I Gave Up Coffee To Help My Anxiety

I Gave Up Coffee To Help My Anxiety

Could giving up your daily cuppa really help your mental health? One Restless writer finds out…

I’m on a packed commuter train out of London Bridge when the carriage grinds to a halt. Squashed up against the glass, my heart starts to beat faster and faster in my chest. I don’t like small spaces at the best of times but today’s reaction is more extreme than I am used to. It’s then I remember the coffee I had after lunch.

Me and coffee have a love-hate relationship. I really love the taste. Especially a perfectly poured oat milk latte. I love the ritual of buying a cup. Whether it’s marking the start of a productive weekday or held between hands on the start of a weekend walk, blowing away the cobwebs and seeing off a lingering hangover. Paying £3 for a cup of boiling water and a flimsy tea bag just doesn’t seem justified or appealing. I love the way coffee makes me feel – tap tap tapping at my laptop, bashing through word counts and whipping out emails – until suddenly it doesn’t. After the initial buzz has passed, it leaves me the wrong kind of wired: unable to concentrate, flitting between tasks and struggling to manage the various tabs in my brain. There’s heart palpitations, a heavy feeling in my chest and knots in my stomach. 

When I speak with GP Dr Najia Shaikh, she explains why coffee can have this reaction on some people. “Caffeine acts on the central nervous system. It’s structurally similar to adenosine, a chemical that makes us sleepy. When we drink coffee, caffeine binds to our brain’s adenosine receptors instead of the adenosine and stops us feeling tired.” However, when we have too much for us to handle, it can do more than just perk us up. “Caffeine increases cortisol levels – your fight or flight response – and can make anxiety worse and can even trigger an anxiety attack,” she warned.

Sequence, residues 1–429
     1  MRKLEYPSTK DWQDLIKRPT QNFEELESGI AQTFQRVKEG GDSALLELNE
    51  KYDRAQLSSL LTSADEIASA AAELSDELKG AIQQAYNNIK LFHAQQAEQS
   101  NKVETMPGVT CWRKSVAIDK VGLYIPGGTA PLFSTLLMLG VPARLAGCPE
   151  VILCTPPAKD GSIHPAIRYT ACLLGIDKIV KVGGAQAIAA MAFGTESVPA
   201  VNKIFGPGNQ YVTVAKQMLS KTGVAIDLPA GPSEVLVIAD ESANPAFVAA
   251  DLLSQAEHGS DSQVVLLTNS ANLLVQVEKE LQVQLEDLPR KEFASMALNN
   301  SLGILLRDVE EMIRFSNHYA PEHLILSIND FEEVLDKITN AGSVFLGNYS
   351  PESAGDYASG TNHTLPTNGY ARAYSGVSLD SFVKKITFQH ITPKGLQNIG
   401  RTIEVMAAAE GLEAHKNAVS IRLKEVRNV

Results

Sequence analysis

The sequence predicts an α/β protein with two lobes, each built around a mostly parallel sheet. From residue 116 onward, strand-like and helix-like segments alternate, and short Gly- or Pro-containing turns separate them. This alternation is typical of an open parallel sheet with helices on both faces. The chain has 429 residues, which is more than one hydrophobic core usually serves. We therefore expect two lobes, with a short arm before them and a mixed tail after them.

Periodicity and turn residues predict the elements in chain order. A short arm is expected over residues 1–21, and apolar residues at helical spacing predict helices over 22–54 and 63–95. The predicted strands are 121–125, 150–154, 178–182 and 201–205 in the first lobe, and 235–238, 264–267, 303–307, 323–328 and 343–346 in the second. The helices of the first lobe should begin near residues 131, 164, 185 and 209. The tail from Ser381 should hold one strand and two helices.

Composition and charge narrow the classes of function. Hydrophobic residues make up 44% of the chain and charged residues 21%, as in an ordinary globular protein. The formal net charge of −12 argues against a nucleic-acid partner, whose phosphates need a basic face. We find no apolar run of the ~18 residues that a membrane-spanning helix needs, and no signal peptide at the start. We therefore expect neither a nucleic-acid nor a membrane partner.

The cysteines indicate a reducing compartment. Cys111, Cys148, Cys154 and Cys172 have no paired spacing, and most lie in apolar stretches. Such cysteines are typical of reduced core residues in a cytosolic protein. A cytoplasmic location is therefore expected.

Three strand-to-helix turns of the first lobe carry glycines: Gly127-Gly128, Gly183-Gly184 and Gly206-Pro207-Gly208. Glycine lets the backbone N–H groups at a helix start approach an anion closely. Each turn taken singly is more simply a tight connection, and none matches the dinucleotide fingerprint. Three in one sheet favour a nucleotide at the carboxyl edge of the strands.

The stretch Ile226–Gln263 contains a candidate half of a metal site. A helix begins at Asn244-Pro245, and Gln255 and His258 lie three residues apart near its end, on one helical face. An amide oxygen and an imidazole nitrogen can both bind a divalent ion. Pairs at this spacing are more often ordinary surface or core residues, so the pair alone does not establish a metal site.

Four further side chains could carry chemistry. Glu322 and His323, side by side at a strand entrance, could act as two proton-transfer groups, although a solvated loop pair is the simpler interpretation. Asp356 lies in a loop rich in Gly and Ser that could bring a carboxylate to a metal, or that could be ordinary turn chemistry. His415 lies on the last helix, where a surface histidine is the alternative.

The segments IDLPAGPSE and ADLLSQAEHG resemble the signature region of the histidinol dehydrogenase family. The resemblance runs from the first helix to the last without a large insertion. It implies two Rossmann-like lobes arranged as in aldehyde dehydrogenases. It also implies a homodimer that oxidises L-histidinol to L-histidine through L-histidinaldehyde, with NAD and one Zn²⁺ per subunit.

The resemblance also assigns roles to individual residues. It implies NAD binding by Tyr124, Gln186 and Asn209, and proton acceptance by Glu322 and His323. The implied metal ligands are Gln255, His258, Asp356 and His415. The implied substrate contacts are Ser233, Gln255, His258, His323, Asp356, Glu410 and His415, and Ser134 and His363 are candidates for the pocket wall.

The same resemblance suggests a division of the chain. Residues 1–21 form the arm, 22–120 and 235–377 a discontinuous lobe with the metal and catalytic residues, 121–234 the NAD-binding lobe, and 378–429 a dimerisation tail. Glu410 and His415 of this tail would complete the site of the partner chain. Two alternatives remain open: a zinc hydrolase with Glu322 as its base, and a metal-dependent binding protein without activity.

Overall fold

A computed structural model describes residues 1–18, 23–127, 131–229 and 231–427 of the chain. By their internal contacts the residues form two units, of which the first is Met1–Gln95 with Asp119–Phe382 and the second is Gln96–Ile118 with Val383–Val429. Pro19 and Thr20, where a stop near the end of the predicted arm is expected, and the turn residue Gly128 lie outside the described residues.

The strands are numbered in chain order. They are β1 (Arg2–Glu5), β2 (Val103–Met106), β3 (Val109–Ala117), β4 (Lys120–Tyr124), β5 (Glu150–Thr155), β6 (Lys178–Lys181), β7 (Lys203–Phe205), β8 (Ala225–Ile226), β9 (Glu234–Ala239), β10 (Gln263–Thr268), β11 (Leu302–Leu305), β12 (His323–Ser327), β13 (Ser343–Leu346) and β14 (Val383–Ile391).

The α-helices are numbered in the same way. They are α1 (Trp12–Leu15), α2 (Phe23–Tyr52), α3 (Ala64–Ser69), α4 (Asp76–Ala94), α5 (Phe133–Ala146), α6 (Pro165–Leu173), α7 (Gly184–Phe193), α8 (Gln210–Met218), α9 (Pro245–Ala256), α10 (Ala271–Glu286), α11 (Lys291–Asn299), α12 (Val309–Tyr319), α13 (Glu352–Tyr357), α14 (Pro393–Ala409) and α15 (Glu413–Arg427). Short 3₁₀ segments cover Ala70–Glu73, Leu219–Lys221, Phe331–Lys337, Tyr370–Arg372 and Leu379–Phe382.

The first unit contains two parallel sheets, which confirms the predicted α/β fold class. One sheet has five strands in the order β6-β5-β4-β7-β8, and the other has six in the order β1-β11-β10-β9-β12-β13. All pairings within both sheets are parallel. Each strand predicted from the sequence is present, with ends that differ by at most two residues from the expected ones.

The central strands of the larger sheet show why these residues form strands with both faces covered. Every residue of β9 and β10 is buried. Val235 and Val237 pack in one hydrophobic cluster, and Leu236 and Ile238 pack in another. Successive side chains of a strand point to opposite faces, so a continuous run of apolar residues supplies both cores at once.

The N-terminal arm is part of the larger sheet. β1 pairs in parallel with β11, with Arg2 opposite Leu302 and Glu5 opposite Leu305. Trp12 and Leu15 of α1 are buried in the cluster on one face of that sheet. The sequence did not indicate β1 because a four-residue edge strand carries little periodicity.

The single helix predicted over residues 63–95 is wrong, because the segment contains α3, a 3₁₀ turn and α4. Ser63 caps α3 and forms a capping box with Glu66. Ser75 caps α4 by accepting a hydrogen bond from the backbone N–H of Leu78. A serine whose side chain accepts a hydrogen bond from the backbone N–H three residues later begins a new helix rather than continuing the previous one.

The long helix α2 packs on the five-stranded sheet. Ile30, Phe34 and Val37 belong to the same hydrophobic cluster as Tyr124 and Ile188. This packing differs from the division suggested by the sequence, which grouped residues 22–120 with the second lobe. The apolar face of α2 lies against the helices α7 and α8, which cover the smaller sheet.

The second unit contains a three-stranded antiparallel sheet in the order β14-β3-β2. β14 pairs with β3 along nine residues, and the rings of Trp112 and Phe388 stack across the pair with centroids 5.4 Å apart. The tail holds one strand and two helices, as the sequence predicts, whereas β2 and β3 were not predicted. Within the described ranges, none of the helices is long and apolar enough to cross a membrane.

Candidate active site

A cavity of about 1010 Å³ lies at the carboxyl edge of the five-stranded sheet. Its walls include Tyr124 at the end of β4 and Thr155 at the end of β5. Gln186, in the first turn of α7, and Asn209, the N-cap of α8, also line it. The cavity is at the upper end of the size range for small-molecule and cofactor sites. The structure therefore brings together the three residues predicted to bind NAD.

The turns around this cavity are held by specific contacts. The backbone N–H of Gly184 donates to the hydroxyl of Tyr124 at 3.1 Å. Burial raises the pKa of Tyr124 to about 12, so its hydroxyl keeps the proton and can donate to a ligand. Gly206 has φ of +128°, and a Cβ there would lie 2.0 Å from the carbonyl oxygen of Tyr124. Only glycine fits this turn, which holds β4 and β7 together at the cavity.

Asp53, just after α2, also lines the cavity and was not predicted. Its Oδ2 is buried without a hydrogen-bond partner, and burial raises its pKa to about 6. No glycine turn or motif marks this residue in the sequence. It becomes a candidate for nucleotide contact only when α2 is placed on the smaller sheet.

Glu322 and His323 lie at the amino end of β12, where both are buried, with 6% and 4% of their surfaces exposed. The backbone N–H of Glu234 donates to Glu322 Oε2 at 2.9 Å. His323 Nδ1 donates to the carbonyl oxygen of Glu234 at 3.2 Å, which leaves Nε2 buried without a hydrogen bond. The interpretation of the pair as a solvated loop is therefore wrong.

The moment at which this happens varies greatly from person to person. “Tolerance is determined by genetics and other factors like your age, body mass, and overall health,” Dr Shaikh said. “Symptoms of caffeine sensitivity may include a racing heartbeat, headache, anxiousness or insomnia,” she pointed out.

“Ideally you shouldn’t have more than 200-300 mg of caffeine per day,” Dr Nerina Ramlakhan, a physiologist and sleep therapist, recommended. That works out at about four espresso size shots of coffee but strength does vary between beans. “Given that the half life of caffeine (the time it takes your body to fully eliminate it)  is approximately five hours, the anxiety-provoking effects can stick around for a while,” she advised. 

Despite this clear correlation between coffee and my increased anxiety, I continued – until very –recently to drink the stuff. From the ‘But first, coffee’ scribbled on a cafe chalkboard to the person declaring ‘99% caffeine’ on their Instagram bio, we live in a highly caffeinated society. Coffee is by far the most popular drink in the world and over 400 billion cups are consumed every year.  Until the late nineties, in the UK coffee was often a cup of instant stuff (unless you were holidaying in Europe and drinking from a cafetière) but now we drink 95 million cups every day. First there was the explosion of chain coffee shops, then the trail of independent artisan alternatives and now a whole subculture dedicated to beans, baristas and blends discussed like fine wine or craft whisky. The message is loud and clear: it’s cool to drink coffee and I had major FOMO. 

My on-off relationship with coffee made it worse. The less I drank the more sensitive I became and the worse my post-cup anxiety got.

“If you consume the same amount of caffeine on a daily basis, your body will develop a tolerance to it.” Dr Shaikh confirmed. Instead, I realised late last year, I needed to quit the stuff for good. 

Now, I’ve finally admitted that I will never be that person who can handle caffeinated coffee, I’ve had to learn to switch up my drinks orders. It was tricky at first: my knee-jerk reaction when faced with a barista or sat amidst a table full of coffee drinkers was to dabble once again. ‘It’s only coffee’ my brain would try and say to tempt me. However, slowly the voice has quietened and I’ve discovered the joy of other hot beverages. Chai lattes, hot chocolate or a good old green tea feature regularly as does –whisper it – decaf coffee. I was sceptical at first and felt both awkward asking for it and dealing with the questions from naysayers. After all, it doesn’t have the best rep – just take a look at the hashtag #deathbeforedecaf on Instagram. However, order at a reputable coffee shop and it tastes just as good (identical even) and it still scratches the itch of that coffee ritual I so often crave. What’s the point in drinking coffee without caffeine you might ask? Well, it turns out you can get all the benefits minus the unwelcome side effects.

Of course, like anything to do with mental health, there is no silver bullet. Anxiety is a complex puzzle and caffeine is just one of the pieces. There’s good days and some less good ones but any small lifestyle changes that can maximise the former and minimise the latter is a big win in my book. And I’m pleased to say I’ve avoided any further incidents on a packed mode of transport. 

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